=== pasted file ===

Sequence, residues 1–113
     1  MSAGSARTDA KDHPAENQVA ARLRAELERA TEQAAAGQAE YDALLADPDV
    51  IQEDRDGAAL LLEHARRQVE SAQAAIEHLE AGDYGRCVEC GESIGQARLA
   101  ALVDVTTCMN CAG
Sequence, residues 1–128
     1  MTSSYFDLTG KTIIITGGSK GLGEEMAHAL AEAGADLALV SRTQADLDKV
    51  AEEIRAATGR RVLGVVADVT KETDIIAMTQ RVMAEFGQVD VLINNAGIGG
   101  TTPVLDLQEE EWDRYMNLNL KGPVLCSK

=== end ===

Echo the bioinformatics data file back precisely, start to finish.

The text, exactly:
Sequence, residues 1–113
     1  MSAGSARTDA KDHPAENQVA ARLRAELERA TEQAAAGQAE YDALLADPDV
    51  IQEDRDGAAL LLEHARRQVE SAQAAIEHLE AGDYGRCVEC GESIGQARLA
   101  ALVDVTTCMN CAG
Sequence, residues 1–128
     1  MTSSYFDLTG KTIIITGGSK GLGEEMAHAL AEAGADLALV SRTQADLDKV
    51  AEEIRAATGR RVLGVVADVT KETDIIAMTQ RVMAEFGQVD VLINNAGIGG
   101  TTPVLDLQEE EWDRYMNLNL KGPVLCSK